Politics has long been derided as show business for ugly people, an assessment usually applied to the physical appearance of its participants. Common wisdom also tells us we get the leaders we deserve, and that's somehow more depressing than electing uggos. Why is it that politicians talk endlessly about better times and the good old days, but things always seem to end up in a tangle of personal scandal, graft, corruption or a piquant combination of all these elements? Are all these ugly people dying to lead us to some new golden age broken inside, or are do we voters simply force them into bad behavior by expecting too much from our leaders? Democracy and demagogues are both based on the power of the people, after all. These are the questions New Line Theatre tackles in its production of Andrew Lloyd Webber and Tim Rice's Evita. This is not the gauzy, soft-focus Madonna-version, but a return to the original concept album, which was more of a rock & roll approach to the rise and fall of Eva Peron's cult of personality. New Line closes its nineteenth season with performances of Evita at 8 p.m. Thursday through Saturday (July 8 through 31) at the Washington University South Campus Theatre (6501 Clayton Road; 314-534-1111 or www.newlinetheatre.com). Tickets are $10 to $20.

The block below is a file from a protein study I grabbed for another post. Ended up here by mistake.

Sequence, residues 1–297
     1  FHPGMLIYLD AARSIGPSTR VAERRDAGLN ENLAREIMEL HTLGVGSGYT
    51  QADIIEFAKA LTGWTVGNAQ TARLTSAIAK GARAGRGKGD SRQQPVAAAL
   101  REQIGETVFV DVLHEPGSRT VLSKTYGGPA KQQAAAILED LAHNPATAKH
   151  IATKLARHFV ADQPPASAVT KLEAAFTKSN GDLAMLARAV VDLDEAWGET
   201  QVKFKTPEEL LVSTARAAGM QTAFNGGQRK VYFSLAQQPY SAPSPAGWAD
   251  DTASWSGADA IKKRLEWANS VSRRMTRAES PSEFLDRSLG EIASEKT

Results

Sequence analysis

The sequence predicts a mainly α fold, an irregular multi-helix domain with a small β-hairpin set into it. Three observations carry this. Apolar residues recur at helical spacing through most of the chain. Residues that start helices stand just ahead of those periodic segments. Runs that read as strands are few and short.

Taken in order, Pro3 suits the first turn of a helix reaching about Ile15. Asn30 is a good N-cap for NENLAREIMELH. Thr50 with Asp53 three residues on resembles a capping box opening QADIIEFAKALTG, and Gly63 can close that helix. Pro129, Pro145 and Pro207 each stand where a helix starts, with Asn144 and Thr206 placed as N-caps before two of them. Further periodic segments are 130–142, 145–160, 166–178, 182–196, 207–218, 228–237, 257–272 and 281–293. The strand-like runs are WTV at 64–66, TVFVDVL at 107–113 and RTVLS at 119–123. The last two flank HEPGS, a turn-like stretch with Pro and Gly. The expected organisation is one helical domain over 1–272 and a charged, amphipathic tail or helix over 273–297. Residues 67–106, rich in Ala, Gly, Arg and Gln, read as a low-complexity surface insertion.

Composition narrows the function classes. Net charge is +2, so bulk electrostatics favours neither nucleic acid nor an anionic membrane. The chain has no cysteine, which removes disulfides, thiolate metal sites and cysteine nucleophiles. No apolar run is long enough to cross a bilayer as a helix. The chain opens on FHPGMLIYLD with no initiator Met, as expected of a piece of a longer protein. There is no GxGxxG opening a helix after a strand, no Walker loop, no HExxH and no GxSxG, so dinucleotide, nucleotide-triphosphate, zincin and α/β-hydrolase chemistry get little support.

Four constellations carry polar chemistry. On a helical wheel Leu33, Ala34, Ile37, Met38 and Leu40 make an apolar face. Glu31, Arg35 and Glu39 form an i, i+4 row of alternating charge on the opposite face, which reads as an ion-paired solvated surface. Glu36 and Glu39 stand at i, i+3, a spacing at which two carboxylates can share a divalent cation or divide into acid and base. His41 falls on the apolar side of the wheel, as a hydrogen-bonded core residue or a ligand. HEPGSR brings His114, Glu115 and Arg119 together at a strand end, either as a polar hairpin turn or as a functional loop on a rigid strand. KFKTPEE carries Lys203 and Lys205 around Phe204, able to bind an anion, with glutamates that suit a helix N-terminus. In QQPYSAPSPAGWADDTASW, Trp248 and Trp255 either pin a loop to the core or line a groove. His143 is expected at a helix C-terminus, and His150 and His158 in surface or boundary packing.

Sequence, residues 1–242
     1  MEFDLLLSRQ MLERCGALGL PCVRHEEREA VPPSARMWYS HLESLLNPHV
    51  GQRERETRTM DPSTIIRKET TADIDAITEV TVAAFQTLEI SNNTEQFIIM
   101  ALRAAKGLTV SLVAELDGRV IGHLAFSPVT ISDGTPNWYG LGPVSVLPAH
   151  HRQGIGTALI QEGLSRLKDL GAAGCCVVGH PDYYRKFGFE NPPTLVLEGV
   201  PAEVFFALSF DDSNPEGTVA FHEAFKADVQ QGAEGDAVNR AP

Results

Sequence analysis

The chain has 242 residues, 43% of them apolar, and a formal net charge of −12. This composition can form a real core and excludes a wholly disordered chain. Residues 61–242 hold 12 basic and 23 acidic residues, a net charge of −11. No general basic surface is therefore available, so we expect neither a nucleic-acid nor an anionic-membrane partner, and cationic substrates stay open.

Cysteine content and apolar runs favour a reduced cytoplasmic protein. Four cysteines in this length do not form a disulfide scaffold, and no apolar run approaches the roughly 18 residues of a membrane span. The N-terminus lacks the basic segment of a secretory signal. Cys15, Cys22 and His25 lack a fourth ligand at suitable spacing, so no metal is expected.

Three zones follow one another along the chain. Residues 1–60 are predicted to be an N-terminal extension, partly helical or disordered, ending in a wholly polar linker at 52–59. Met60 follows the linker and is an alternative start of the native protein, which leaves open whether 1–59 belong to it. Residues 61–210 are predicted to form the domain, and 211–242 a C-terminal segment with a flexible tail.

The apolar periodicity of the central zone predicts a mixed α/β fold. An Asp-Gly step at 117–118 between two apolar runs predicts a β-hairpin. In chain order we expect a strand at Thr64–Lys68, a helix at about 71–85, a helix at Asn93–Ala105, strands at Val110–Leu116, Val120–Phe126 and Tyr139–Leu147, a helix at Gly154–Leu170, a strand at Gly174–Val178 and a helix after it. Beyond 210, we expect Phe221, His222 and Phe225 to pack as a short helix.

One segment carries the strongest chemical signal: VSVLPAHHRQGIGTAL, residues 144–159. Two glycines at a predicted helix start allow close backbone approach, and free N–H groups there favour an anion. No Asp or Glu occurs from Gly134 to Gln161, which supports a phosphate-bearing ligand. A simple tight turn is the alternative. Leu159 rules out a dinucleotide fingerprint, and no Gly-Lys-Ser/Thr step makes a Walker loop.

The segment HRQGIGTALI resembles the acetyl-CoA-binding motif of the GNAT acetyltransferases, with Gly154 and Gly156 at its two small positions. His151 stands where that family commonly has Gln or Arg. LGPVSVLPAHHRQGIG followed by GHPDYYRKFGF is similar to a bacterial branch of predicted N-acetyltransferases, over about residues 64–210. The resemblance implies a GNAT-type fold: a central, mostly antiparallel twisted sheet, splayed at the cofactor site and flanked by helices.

Thursdays-Saturdays. Starts: July 8. Continues through July 31, 2010